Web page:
Posts from November 2023


November 29, 2023

The biggest spoon I’ve ever seen was at a periptero in the suburbs of Athens near the port where my Dad docks his boat. Peripteros, our little pavement kiosks, carry everything from chips, chocolates and cigarettes to batteries and bubbly drinks. Just picture the tiniest supermarket in the world. This one was special though. Positioned just metres away from the roadside, the old man inside the kiosk –– we called him, “O Koutalas,” the big spoon –– would deliver our snacks on a large wooden vessel with a metre long stem. This was my earliest experience of a drive-thu. We’d throw our drachmas into the spoon and whizz onward. The smallest spoons I’ve ever seen were the tiny silver ones we’d use to scoop up mint jelly at our Sunday roasts. My half British Dad loves pomp and ceremony –– crystal salt and pepper shakers, porcelain gravy boats, sterling silver forks for every course –– as much as he does Sunday lunch. My only frustration with the tiny spoons was that I could never fit very much mint jelly on them. Maybe that was the point. When my maternal grandmother died, I inherited her silver. I still keep it wrapped in her flannel washcloths. We try to use it as often as possible. The soup spoons, beautifully shiny and round, like miniature antique gilt mirrors, are my favourite pieces in the set. I once gave a set of vintage ice cream spoons to a dear friend as a wedding gift. It makes me smile to think of her family eating Ben & Jerry’s off silver spoons. I’m not alone in my affection for spoons. There’s something in their soft shape that’s so appealing. They are also a vessel for soups, stews and vanilla ice cream, all comforting foods. Is our fondness for them somehow connected to the fact that our first tastes of solid food come mashed up on a spoon? Look through your kitchen drawers, and I’m sure there are wooden spoons with a hundred memories embedded in the grain. You may even have a beloved one. Given my love for spoons, I’m not sure why it took me so long to make ceramic ones. I was inspired by Paula Grief‘s spoons. And Suzanne Sullivan‘s too. Both potters have elevated the simple spoon to something of an ornament, something we can treasure for years to come. And how wonderful is that?

raw talent

November 17, 2023

Heyja Do. Holy moly. A truly talented ceramicist can take a lump of clay and turn it into something beautiful, refined and unique while still preserving the rawness of its original mud-like state. That’s the magic. That’s Heyja Do. Honey Vase, case in point. Alabaster Object VII, ditto. Canto II reminds me of a piece of limestone that holds down the table cloth in my studio. There isn’t a collection of hers that I’m not drawn to and that I’m not Inspired by. If I were to pick a favourite I might say, Reed II; the fragile, rough edged wing is so moving.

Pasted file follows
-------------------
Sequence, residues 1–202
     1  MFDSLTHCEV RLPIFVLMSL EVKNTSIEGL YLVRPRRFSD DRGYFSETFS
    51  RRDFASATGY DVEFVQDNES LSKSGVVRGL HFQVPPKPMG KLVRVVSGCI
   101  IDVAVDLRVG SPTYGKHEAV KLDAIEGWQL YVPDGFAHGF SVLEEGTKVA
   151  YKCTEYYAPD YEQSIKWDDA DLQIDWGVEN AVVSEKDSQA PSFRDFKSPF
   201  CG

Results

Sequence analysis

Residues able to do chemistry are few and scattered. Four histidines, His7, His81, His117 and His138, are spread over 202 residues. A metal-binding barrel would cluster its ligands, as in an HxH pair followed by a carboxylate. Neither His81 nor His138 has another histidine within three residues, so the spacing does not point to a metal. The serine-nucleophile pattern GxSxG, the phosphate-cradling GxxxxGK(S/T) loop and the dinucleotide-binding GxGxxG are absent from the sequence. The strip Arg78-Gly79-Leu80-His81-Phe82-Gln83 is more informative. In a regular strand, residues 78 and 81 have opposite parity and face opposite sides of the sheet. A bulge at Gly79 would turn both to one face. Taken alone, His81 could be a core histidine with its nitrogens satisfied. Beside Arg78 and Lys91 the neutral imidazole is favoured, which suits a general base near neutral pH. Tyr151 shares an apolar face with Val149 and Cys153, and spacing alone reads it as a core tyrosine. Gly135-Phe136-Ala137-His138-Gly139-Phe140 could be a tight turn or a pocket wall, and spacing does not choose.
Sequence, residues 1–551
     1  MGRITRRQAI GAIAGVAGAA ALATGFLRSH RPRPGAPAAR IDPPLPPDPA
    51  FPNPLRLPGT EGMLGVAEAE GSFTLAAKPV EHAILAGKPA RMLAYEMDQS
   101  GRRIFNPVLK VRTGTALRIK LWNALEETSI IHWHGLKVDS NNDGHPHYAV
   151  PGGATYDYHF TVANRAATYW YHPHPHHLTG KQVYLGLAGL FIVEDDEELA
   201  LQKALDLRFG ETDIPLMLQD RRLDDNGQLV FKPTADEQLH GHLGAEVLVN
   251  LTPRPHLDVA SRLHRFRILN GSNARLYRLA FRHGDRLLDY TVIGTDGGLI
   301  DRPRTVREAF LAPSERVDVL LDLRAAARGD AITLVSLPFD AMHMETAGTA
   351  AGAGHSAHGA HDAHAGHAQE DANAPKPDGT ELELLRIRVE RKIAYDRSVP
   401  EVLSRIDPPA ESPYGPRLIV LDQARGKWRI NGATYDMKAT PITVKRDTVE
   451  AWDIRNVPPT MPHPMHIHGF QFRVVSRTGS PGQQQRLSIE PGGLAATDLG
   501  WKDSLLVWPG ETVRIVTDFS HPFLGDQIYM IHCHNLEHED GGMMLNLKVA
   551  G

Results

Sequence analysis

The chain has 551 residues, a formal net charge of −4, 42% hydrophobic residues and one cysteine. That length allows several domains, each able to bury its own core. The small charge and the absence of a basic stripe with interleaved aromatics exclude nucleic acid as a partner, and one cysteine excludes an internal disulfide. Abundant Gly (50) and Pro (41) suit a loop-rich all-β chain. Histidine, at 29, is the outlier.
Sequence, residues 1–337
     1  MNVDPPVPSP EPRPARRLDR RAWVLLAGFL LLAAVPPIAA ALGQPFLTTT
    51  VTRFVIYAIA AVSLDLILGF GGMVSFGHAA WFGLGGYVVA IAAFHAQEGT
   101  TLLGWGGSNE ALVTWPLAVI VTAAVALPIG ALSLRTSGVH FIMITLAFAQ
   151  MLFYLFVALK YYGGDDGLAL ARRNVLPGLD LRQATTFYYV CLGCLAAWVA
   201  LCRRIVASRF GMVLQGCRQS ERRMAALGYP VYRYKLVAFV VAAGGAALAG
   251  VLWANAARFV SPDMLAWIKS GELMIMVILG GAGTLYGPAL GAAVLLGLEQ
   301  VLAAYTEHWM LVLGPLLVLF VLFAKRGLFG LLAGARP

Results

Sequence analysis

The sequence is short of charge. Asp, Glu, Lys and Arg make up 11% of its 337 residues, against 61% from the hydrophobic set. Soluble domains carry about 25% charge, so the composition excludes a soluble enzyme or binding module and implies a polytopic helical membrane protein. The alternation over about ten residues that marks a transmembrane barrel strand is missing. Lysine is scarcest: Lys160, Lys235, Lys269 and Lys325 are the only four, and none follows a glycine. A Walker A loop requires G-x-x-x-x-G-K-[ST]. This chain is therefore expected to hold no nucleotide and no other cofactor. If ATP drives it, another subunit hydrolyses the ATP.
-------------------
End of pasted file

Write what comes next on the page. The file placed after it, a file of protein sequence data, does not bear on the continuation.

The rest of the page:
60-mile swim

November 12, 2023

I’ve been eager to watch NYAD since I first read that Annette Bening was making a film about long-distance swimmer, Diana Nyad’s epic 2013 swim from Cuba to Florida. I love Bening. I love swimming. And I love stories where the human spirit triumphs against all odds. Just as remarkable as Nyad’s 60-mile swim, is Bening’s portrayal of the swimming legend. I read that Bening trained relentlessly for a year to hone her stroke, and averaged four to eight hours in the water, day and night, in all kinds of weather conditions. She was adamant that she would swim every stroke in the film. Nyad was obsessive and single-minded in her pursuit of her goal, and Bening was obsessive and single minded in pursuit of hers. “We build these cages for ourselves in our brains about what we can and can’t do,” Bening says. “We get so used to that, that we sort of even forget that they’re there.” The 65-year-old actress was likely referring to herself here as much as she was Nyad. It’s no surprise that both actress and subject are in their 60s, far enough along to have shed some of the self doubt, fear and need for control that ravages middle age, and that propels us to build cages in the first place. At 61, Nyad achieved something that she couldn’t in her twenties. “My mind has never been clearer,” she tells her coach and best friend, played by the brilliant, Jodie Foster. “Don’t you get it? The mind. This is what I was missing when I was younger. I’ve got it now.”


November 4, 2023

There’s a brief moment when the clay is almost bone dry and awaiting its first firing, when glazes haven’t been brushed on, or any markings rendered, when the kiln hasn’t had its way yet. There’s no colour or surface decoration to distract us from shape and form. This is my moment. This is what brings me back time and time and again. There’s something so honest and vulnerable about this stage of the process. All I see is possibility, and the hope of what might be. It’s beautiful and heartbreaking all at once because I know that the clay can’t stay this way forever, and that whatever will emerge will never be as satisfying as this raw and hopeful state. And yet, it’s the hope that keeps bringing me back. I’ve made dozens of these spoons in the last two weeks. I love the idea of taking a basic, utilitarian object and making it special. That’s what pottery is. An everyday, functional object that someone made with hand and heart.

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